On September 5, 1911, in Llanelli, Wales, the children’s revolt began in Bigyn School, where in protest at a teacher’s punishment the students left the playground and paraded the streets, visiting other schools and calling on the pupils to join them. New Dock, Lakefield and Old Road Schools came out in solidarity.
The key confrontation of Britain’s first national railway strike – for better pay and an end to an unfair arbitration system – occurred on August 19, 1911, in Llanelli, a tinplate-producing town in south west Wales. The Llanelli strike was brutally suppressed by police and troops of the Worcester Regiment.
The strike was highly politically sensitive, as the Great Western Railway through southwestern Wales was the main route between England and Ireland. The strike was part of one of the longest waves of sustained industrial rebellion in British working class history – the “Great Unrest” of 1910 to 1914.
During August and September of 1911 there were strikes by schoolchildren in at least 62 towns and cities, showing the huge impact the rail strike had within working-class communities. Their significance doesn’t relate to numbers – but the fact that young people, albeit a minority, felt empowered enough to speak out on issues that concerned them.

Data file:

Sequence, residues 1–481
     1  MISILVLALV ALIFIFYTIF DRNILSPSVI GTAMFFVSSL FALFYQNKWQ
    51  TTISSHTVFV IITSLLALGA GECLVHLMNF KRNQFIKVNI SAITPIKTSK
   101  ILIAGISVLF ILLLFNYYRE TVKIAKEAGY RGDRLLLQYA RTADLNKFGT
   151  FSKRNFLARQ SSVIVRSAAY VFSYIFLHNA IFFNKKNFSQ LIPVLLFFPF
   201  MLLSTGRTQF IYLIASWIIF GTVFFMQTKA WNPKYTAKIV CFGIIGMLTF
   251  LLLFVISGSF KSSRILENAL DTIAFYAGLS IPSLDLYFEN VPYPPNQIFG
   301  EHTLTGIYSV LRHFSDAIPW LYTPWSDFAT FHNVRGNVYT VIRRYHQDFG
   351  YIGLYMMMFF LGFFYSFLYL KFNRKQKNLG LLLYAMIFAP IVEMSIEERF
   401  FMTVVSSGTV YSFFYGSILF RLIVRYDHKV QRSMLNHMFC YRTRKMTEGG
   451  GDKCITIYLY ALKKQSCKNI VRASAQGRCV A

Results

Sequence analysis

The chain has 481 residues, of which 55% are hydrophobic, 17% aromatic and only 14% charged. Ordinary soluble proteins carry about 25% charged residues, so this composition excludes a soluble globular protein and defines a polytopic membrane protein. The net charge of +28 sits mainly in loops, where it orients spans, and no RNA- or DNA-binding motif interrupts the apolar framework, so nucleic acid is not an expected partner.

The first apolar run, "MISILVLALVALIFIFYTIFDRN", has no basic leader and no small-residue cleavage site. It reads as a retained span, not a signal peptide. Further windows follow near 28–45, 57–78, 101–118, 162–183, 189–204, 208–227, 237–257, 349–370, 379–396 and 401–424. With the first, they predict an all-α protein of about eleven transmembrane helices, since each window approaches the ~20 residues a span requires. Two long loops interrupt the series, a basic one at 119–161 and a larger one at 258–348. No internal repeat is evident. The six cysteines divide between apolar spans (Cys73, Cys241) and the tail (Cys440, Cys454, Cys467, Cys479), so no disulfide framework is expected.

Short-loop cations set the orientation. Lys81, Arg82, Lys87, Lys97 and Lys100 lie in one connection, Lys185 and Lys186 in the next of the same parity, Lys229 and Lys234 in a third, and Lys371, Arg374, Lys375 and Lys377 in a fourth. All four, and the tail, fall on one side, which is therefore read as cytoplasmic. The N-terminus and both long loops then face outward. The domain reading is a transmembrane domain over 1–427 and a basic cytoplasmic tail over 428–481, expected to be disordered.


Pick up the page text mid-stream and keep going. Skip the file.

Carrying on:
In 1912 the Amalgamated Society of Railway Servants, the General Railway Workers’ Union and the United Signalmen and Pointsmen combined to form the National Union of Railwaymen, a trade union of railway workers, not including clerks and salaried staff.
In the U.S., labor organizer Mother Jones “led a march of miners’ children through the streets of Charleston, W.Va., to illustrate the effects of poverty,” Sept. 21, 1912, amidst the fierce Paint Creek-Cabin Creek 1912-13 coal miners’ strike in that state. Jones had organized a “Children’s Crusade” nine years earlier in 1903, marching from Philadelphia, Pa. to President Theodore Roosevelt’s home in New York demanding child labor laws.
Just last month, Joelle Fishman reported: “It was thrilling to be part of the local organizing for the 50th Anniversary March on Washington and to travel with a bus full of young people age 7 on up looking for hope and eager to act. Once at the march, they collected over 200 signatures on petitions for the Youth Jobs Act introduced by Rep. John Conyers and Sen. Bernie Sanders.”
BBC Radio provides this list ofr further reading on the 1911 students’ strike:
The origins and significance of the school strikes in south Wales, 1911, R. Grigg, The Local Historian, vol.33 no.3 (August 2003).
When the Kids were united, D. Partridge, BBC History Magazine, September 2003, pp.24-26.
Protest by Pupils, R. Adams, (Falmer Press, 1991)
Hooligans or Rebels?, S. Humphries (Oxford, 1981)
Photo: Children’s strike at Bigyn school, 1911.